Sunday, June 27, 2010

Wild Alaskan Salmon Grilled on Cedar Planks

I was invited to this food event put on by Stop & Shop and I took Edie with me because Lucy was still in school. The event was at Aqua Grill downtown and the Chef, Jeremy Marshall did a cooking demo for us. I'm going to be making his ricotta sorbet for our Fourth of July party in the country, so I'll post it here when I've made a few batches. It was lovely.

Edie sat on my lap the whole time, eating little toasts out of the basket, drinking cranberry juice out of a wine goblet and watching the demo intently, but by the end of the lunch, she was more than ready to leave. I call Edie "my co-pilot" because she's a mama's girl and she'll sit through anything as long as I'm right there. She liked the event and enjoyed the chef and all the cooking and stuck her nose up at the children's pasta they served and preferred the grown-up shrimp, but it wasn't totally her idea of a dream day.

When we went to pick-up Lucy from school, I over heard Edie telling her she saw "a chef and the chef was cooking and we ate in a fancy restaurant." There was silence. I turned and saw Lucy's whole face drop. Tears welled up in her eyes and spilled out down her cheeks. She ran to me. She was sad, angry, trying to figure out exactly what she had missed.

"You went to see a chef cook without me? Why didn't you wait until I got out of school? You know I like to cook and Edie doesn't..."

She cried for a bit into my shoulder as I tried to explain things, fumbling around awkwardly for the words, and told her that when she was on vacation I would take her to see a chef demo. That she was next. That Edie just had her turn first. But still she cried. It didn't stop for a long time. It was pure hurt.

And I realized that Edie cooks with me because it's something we do together, but Lucy doesn't do it to be with me. She genuinely likes cooking. She is really interested in it. She wants to see a chef demo, go to the Fancy Food Show this week. She wants to experience cooking in a grown-up way.

And so, I'll be looking for grown-up cooking things to take her to this summer. Maybe even something at CIA. We'll see. In the meantime, we made one of Lucy's favorite foods, salmon. Or "pink fish" as she's been calling it since she was two. Since we are at the house in the country, we made it on the grill.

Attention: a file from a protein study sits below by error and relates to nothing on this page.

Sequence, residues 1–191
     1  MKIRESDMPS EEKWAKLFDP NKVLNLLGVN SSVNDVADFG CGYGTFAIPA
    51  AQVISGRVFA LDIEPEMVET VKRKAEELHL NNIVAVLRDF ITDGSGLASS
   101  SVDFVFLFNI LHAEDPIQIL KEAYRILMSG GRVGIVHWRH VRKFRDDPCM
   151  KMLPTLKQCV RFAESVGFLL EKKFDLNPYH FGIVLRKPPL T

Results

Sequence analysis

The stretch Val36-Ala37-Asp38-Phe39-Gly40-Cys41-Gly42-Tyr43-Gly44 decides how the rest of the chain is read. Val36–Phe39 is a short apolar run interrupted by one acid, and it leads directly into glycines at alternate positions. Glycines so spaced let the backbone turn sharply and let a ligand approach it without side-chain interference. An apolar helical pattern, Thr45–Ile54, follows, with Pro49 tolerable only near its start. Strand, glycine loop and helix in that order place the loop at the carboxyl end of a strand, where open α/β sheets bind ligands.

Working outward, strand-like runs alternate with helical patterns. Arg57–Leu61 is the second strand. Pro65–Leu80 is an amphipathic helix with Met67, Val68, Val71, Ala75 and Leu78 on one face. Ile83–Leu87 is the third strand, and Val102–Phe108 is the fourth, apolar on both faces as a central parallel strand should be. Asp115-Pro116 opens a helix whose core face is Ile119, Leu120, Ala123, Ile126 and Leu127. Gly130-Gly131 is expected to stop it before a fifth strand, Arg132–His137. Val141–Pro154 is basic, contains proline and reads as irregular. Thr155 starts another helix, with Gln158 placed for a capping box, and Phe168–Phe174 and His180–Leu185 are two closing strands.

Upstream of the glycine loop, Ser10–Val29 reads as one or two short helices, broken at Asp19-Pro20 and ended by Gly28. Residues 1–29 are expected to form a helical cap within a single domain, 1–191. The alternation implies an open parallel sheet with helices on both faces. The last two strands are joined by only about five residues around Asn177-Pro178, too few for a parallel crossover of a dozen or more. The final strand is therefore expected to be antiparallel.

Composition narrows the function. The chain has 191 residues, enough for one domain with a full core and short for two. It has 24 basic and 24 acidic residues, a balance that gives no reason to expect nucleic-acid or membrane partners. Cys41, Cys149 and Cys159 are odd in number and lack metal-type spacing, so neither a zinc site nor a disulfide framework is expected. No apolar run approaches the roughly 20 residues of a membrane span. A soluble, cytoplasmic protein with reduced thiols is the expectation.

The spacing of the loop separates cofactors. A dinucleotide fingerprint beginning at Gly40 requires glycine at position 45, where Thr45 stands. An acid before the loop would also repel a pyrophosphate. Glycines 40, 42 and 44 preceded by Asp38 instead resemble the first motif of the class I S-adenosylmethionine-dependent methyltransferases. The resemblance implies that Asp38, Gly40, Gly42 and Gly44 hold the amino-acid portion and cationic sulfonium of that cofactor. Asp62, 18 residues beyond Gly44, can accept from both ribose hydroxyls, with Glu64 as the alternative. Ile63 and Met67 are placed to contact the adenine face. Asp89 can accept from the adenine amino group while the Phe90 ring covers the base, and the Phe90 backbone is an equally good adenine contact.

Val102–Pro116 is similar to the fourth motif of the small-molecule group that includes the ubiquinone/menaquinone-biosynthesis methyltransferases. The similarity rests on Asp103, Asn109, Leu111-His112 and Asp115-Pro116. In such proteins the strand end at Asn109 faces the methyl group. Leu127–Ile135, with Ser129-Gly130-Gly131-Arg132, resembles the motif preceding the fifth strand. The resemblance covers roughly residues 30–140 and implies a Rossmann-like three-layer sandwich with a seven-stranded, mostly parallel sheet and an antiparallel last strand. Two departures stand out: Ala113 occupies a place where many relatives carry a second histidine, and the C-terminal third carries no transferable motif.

This meal couldn't have been more simple. Some fish grilled on cedar, a salad with spinach, tomatoes, avocado, a little salt and Asiago cheese, a lemon and olive oil dressing, and grilled vegetables with olive oil, salt, thyme and chives. And we all drank large glasses of sparkling water, just because we're fancy.

Simple. Simple. But the perfect anecdote to hurt feelings.

xo YM


I used Wild Alaskan Sockeye Salmon for this dish. It's really all about having fresh, wild salmon because there isn't much adornment here. You really want to taste the fish. It should taste rich and wild. You can get the cedar plants at most big grocery stores, usually in the fish section. Soak the planks overnight or even an hour before you grill. They'll float in the water, so submerge them with a heavier object so they get good and soaked through. They get very burnt-looking when cooking. They'll be fine, and will not explode into flames, but if you are nervous about them catching fire you can keep a spray bottle of water next to the grill for possible dousing. A roughly one pound salmon fillet will serve 2 adults and a couple small kids.

Wild Alaskan Salmon Grilled on Cedar Planks


1 Pound or so, fresh, wild salmon (cut into portion-sized slices)
3/4 Teaspoon Kosher salt
2 Tablespoons Extra Virgin olive Oil
2 Tablespoons fresh thyme, finely chopped
2 Tablespoons chives, finely chopped
Juice from 2 lemons
2 grilling planks


Get the grill nice and hot for about 10 minutes. While it's heating up, rinse your fish, pat it dry, cut into slices, and baste each piece with a little olive oil. Season with a little kosher salt. Cut a couple of lemon slices and reserve them for the top of the fish. Squeeze lemon juice right from the remaining lemon onto the fish. Sprinkle the herbs onto fish. Add a lemon slice to each one. Set them on a platter and bring them to the grill.

When the grill is hot, turn it down a bit to a medium-low heat. Put the planks right on the grill, without the fish. Let them get hot on one side, about a minute, flip them for another minute. You might have a little smoke, that is normal. Embrace it. Feel like a cave man. Put the salmon right on the hot planks, close your grill cover, and cook about 10 minutes. Don't overcook them.



Warner (aka ntsc) said...

I think the minimum age for actual cooking at CIA is 8. My wife has taken a grand niece who has shown an interest in cooking since she became aware of it.

They did a parent/child Saturday on deserts a child could do.

Jenious said...

"Pink fish" would mend my hurt feelings too. :) And, come to think of it, so would a class at the CIA! (My sister studied there and I'm kind of envious of that.)

Cheryl Arkison said...

My Monster calls it pink fish too, but prefers it as sashimi.

Cali said...

i wish i had a grill... i need to work on that...

Jen said...

I asked my son what kinds of camps he would like to join for the summer. We went through the choices and one of his choices was cooking camp. A great caterer in town has kids' camps now, so yesterday he was draped in an apron and they made stuffed baked potatoes, nachos and chocolate dipped strawberries. As far as I'm concerned, a boy who can cook will grow into a man that can cook...and who doesn't love a man who can cook? lol.

ps: Your kids are so joyful. I love all the photos you post, it's like you capture their wild loveliness so perfectly.

The Mulligan Family said...

Simple and it sounds delicious. We love "pink fish" too!

Love the photos too! Such sheer abandon and happiness there!

Cheers, Cindy

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